It is a few weeks into the season for crying out loud. I bet the current trade offers are for less than should be accepted, and the transfer offers are to clubs were his experience will be worth less than what he might get in a move that will happen a few weeks from now.

    I’d bet he goes to the NASL/USL in the next few weeks, once Vancouver has heard the “best” offers from MLS clubs. I predict he’ll be playing for FC Edmonton by the end of April.

  10. Dude, its Agudelo’s own fault that he can’t get minutes, not the coach’s. Agudelo needs a lot of training and development, he needs to work harder in practice and gab less to the media. Even if he can’t beat Cooper for mins, he could still be getting some super sub mins if he worked harder. He could also compete for right or left wing, if he had a better attitude.

    Look at Dempsey or Herc Gomez — how many times did those guys start a season with a new coach, being on the outside looking in. They consistently break into the first team through hard work and quality play. That’s what Agudelo needs to do. Quite frankly, Jozy was better at this age than Juan, and he needed an attitude adjustment also.

  11. He is definitely a rare talent. It’s rare to draft someone with the first pick that isn’t good enough to crack his team’s top 11 after more than a year. Rare, indeed.

  12. You’re the missing the point:
    1. Okay, may Salgado isn’t good enough to be a starter or first reserve for Vancouver. Then loan him out to an NASL team! Get him minutes. Sitting on the bench does almost no good. This isn’t about being an NFL QB where you learn to read defenses by watching film. If you made soccer stars by watching, then the US would dominate the world–we were the first soccer culture that got into watching serious amounts of film of opponents and we’ve got financial resources for our youth players that most Central and South American and African players never have until they move to Europe.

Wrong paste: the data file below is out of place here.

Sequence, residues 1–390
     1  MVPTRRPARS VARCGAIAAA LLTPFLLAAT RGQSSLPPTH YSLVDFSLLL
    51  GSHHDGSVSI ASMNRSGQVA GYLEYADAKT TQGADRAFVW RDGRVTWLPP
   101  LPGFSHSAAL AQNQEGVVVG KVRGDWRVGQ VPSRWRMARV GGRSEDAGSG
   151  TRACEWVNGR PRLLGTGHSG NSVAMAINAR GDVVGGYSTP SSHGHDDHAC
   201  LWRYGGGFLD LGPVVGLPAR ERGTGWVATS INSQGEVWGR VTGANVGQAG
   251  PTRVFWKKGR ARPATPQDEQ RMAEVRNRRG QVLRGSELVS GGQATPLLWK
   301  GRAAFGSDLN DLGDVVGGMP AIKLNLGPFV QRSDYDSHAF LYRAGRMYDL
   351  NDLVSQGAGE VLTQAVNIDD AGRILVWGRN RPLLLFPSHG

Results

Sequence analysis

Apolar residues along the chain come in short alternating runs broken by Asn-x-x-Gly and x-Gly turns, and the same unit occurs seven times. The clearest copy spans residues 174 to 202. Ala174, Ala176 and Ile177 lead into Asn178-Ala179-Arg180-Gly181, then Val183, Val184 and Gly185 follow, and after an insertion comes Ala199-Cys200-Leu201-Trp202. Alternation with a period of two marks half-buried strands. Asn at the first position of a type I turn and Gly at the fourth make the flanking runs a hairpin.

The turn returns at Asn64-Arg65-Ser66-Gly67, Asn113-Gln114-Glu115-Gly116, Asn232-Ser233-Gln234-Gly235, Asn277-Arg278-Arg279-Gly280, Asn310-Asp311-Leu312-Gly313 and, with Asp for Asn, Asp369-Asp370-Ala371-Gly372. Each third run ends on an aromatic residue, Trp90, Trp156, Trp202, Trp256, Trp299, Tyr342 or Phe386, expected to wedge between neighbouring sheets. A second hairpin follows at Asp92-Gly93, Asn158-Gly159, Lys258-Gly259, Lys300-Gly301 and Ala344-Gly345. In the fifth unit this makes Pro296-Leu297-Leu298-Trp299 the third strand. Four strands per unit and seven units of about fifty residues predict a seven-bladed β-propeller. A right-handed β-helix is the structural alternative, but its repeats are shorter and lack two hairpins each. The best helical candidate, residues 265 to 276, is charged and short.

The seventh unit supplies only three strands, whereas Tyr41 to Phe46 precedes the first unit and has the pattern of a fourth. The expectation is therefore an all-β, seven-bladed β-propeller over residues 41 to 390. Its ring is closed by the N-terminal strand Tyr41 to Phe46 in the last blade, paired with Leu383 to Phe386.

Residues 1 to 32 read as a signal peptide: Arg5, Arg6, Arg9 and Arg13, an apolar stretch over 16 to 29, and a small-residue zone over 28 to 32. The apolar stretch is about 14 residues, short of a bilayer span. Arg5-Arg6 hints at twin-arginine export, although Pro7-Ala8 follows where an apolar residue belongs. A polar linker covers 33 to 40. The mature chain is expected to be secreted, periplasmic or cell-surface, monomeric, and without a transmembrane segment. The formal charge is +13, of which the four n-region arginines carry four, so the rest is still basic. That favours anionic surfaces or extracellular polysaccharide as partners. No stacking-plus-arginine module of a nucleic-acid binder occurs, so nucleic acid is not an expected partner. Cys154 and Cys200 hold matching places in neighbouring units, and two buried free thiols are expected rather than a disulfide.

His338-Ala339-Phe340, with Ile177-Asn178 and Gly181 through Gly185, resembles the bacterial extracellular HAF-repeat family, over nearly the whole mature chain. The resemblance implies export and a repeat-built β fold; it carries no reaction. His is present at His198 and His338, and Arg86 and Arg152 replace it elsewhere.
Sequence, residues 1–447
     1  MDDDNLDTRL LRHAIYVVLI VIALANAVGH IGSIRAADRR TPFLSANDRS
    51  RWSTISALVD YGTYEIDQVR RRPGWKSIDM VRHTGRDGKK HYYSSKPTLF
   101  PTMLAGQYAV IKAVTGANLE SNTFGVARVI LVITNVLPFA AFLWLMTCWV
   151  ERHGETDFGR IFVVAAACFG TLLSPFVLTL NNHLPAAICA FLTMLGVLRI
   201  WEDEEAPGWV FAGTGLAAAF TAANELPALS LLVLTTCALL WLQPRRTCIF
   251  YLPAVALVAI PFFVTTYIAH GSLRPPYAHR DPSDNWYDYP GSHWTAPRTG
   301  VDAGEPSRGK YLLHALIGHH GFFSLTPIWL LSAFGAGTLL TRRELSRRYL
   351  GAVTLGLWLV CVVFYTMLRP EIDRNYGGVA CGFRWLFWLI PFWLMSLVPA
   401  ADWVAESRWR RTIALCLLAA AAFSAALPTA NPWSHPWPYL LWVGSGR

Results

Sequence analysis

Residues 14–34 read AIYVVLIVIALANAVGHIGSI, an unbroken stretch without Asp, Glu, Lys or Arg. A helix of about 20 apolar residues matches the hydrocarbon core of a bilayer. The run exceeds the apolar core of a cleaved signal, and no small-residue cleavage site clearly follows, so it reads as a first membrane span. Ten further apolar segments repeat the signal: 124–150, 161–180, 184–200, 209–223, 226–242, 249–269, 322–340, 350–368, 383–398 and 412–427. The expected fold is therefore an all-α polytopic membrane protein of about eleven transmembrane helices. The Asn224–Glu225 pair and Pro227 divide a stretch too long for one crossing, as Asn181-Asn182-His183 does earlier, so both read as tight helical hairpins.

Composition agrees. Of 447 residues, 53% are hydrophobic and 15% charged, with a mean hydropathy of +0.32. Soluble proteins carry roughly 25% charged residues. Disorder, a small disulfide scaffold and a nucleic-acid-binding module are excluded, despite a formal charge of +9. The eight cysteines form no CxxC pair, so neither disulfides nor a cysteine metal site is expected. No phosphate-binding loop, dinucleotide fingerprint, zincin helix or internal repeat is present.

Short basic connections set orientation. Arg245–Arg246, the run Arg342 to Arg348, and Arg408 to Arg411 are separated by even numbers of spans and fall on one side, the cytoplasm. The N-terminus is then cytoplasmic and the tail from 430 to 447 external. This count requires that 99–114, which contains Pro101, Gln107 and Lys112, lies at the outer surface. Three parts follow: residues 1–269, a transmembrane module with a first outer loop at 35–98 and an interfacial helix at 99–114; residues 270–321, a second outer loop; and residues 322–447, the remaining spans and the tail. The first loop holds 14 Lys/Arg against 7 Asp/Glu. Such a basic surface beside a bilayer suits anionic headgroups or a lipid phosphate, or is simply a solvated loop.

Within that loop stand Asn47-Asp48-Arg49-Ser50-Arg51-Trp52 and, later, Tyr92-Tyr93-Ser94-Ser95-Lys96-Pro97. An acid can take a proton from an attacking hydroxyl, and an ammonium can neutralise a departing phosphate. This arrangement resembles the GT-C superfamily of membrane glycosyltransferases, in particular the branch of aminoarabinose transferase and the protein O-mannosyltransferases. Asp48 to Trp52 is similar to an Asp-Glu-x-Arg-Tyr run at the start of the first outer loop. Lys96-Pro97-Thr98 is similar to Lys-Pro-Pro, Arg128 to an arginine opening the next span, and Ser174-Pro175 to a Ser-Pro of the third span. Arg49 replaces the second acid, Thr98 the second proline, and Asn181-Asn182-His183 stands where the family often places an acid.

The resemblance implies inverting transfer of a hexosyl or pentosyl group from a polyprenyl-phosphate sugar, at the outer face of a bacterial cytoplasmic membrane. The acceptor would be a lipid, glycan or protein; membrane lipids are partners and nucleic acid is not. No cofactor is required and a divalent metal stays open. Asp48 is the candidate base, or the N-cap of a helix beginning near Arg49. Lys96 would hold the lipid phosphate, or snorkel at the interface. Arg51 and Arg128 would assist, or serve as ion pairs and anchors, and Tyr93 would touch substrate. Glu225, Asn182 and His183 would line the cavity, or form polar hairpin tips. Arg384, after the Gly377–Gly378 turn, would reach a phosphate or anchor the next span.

2. You say he has trouble working or handling physical play. If you put him in the USL or NASL level of play, he’ll get kicked around plenty. MLS practices are generally less physical than matches (b/c players need to save themselves for matches, the scrimmage rarely is 11v11 and rarely goes 90 minutes). So if everything you say about Salgado is true, than the Whitecaps are CODDLING him and holding him back by not farming him out to a lower club in a lower league where he’s going to get his shins kicked and jersey grabbed by players who are slower, shorter and less skilled than he and play more of a “kick and run” style of play.

  13. First of all, they play for more than four months. Second of all, there aren’t unlimited subs. Third, to suggest that training and not playing in any games is somehow better than training and playing in games is ridiculous. You are 0-for-3.